Like with the first version, Angry Miao uses its three-stage adjustable leaf spring mount to allow users to adjust the bounce of the keyboard. With the first edition, changing those springs was rather arduous. You had to remove a total of 24 screws and pretty much completely disassemble the entire keyboard. That didn’t exactly invite a lot of experimentation. With this new version, you only have to remove the magnetic top plate, remove eight screws and remove the ribbon cables from both sides and you have full access to the springs. That’s because now the PCB assembly sits inside what’s essentially a tray, making it very easy to take apart. Out of the box — or in this case, the suitcase — you get all of the tools you need to make these changes.
I think the spring leaves are one of Angry Miao’s best innovations. I prefer a slightly bouncy keyboard and the default option works quite well for me. Now that it’s easy enough to change them, though, I think most buyers will experiment with different options, and adding and removing springs (there are stainless steel and copper ones) actually makes an appreciable difference to how the board feels. Also included in the box are bottom and adjustment pads that slightly change the sound of the board but don’t make too much of a difference for the actual typing feel.
Talking about typing feel, the AM AFA bundle comes with Angry Miao’s linear Icy Silver switches. I’ve never had any complaints about those in the company’s other keyboards and they remain a solid option. There’s no scratch and very little wobble. With an initial force of 45g, they sit right in my personal sweet spot. Since this is a hot-swap board, though, you can easily change them out for another type of switch — even a clicky one. I won’t judge you.
I don’t love the transparent Glacier Dark keycaps quite as much. They are frosted inside, which makes for a really nice light show from the PCB board’s LEDs, but they are a bit too glossy and smooth for my liking. Unlike many of the cheaper transparent keycaps you can find on Amazon and elsewhere, they do feel rather premium, though — and also enhance the keyboard’s overall sound. I would’ve preferred the excellent triple-shot keycaps Angry Miao used for the AM 65 Less, but that’s purely a personal preference.
Personally, I really like the overall sound profile of the AM AFA. It’s not too loud, but you’ll know when you press a key. The sound resembles that of two pool balls colliding, which is close to my personal ideal. Using a different bottom foam and changing out the switches and keycaps allows you to tune this to your heart’s desire. Unlike with most keyboards, I was perfectly happy with the default here, though.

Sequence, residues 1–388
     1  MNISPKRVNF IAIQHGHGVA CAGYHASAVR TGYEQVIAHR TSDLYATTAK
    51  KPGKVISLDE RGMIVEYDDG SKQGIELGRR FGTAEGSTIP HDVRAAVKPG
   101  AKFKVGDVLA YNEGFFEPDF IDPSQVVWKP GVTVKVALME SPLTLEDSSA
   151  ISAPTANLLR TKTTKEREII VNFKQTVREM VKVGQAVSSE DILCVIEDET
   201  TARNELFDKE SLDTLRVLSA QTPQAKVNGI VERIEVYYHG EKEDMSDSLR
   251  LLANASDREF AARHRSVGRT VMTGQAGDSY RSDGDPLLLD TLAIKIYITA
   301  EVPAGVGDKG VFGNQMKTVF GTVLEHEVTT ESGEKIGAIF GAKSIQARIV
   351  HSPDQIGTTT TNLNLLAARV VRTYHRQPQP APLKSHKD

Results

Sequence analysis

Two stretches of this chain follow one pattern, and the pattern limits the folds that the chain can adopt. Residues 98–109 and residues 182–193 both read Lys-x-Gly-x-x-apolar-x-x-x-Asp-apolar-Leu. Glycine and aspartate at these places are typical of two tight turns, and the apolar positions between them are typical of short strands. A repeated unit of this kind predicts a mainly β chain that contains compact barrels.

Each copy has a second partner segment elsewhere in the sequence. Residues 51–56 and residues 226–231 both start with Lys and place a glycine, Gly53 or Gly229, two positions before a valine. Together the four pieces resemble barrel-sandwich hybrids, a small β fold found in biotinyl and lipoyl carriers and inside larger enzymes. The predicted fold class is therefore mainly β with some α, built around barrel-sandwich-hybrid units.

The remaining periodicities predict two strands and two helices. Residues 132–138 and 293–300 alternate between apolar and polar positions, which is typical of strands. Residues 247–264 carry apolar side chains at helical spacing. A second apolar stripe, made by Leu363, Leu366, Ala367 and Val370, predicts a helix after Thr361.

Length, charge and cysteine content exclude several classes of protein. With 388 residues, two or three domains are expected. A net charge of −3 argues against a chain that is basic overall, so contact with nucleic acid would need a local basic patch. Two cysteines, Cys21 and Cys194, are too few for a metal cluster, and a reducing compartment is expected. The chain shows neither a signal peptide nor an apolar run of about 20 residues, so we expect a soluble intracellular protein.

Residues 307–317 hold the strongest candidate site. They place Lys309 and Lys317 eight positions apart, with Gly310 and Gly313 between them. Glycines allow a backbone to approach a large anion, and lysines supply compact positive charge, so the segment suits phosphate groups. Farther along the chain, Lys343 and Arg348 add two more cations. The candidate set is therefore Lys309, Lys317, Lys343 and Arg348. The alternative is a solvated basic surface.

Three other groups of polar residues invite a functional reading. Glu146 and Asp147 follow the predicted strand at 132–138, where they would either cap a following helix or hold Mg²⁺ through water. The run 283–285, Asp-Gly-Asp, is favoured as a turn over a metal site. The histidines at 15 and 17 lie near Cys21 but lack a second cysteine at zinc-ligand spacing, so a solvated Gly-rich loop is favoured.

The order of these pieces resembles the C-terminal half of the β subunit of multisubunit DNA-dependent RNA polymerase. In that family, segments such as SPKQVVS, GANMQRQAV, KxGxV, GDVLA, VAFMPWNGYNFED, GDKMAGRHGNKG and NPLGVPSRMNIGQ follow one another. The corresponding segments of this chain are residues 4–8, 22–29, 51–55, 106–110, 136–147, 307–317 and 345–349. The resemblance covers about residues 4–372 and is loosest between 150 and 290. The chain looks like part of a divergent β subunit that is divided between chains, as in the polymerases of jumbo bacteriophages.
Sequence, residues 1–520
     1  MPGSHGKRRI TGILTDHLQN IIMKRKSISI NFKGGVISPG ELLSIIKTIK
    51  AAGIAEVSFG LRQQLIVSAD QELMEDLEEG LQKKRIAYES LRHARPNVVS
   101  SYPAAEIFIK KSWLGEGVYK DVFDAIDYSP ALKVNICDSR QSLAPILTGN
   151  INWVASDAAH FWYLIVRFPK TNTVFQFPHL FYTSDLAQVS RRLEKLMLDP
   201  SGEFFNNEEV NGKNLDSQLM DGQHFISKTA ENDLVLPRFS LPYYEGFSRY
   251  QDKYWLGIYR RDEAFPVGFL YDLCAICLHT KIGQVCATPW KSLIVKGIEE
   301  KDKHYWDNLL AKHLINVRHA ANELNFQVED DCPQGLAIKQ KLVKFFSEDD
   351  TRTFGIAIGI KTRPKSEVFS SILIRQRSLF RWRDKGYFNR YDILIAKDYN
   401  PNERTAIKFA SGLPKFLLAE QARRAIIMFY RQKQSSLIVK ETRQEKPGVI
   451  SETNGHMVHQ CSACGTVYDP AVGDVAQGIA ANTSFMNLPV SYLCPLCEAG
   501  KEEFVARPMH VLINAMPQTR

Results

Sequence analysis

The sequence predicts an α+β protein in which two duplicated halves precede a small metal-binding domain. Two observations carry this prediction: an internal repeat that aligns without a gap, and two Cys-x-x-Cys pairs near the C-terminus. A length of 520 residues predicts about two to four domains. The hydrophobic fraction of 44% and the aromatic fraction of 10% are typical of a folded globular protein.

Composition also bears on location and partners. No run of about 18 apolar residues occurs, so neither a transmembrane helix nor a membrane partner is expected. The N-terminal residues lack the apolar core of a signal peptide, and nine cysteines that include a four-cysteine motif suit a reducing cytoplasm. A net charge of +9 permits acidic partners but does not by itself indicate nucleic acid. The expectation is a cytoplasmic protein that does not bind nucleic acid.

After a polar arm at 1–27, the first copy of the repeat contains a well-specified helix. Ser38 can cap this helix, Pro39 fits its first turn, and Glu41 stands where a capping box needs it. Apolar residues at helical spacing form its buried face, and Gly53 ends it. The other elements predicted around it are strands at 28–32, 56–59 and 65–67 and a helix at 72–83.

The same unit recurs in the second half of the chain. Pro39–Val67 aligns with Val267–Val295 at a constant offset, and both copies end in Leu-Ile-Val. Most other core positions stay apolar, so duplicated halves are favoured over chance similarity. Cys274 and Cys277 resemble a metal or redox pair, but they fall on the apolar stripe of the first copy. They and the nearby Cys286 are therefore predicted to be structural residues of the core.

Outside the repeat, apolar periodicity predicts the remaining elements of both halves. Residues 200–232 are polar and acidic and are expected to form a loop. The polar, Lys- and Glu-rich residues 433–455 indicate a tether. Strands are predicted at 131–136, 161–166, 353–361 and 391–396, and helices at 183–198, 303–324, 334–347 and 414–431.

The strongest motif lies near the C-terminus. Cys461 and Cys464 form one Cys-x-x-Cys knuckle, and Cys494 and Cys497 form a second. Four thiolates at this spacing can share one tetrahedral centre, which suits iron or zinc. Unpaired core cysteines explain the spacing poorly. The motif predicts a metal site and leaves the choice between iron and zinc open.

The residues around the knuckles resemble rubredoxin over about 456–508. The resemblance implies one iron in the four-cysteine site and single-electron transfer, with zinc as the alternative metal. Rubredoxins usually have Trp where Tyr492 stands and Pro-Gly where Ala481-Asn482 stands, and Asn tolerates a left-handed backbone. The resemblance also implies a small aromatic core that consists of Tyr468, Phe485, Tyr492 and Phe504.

Also included in the bundle, by the way, are Angry Miao’s Hover wrist rests. I found the keyboard low enough to type on it without a wrist wrest, but the twist here is that we’re talking about two individual round wrist rests. In good Angry Miao tradition, they can flexibly take on any angle, with opposing magnets in the middle providing some additional cushioning and support. It’s a nifty trick, though I don’t think it’s a must-have. I found myself using a cheap wooden wrist rest I bought for a Keychron Q8 and while it wasn’t a perfect fit, it was a better solution for my typing style.
I always wish Angry Miao would support QMK/VIA for customizing its keyboards’ layout and lighting setup. The company’s own software is passable, though I always feel like it’s a bit of an afterthought. I don’t spend a lot of time modifying my layout, so it’s not a dealbreaker for me, but you’d be right to expect a bit more.
As with all of these high-end keyboards, whether they are worth their price for you is a personal decision. If I were in the market for a $750 board, though, I think the AM AFA is definitely worth a look. For most people, a Keychron Q8 or Q10 (either in their Pro or standard versions) are perfectly good Alice-style boards for far less (at $210 for a Q8 Pro, for example). The AM AFA is unabashedly a luxury board but it has the build quality and design to back that up.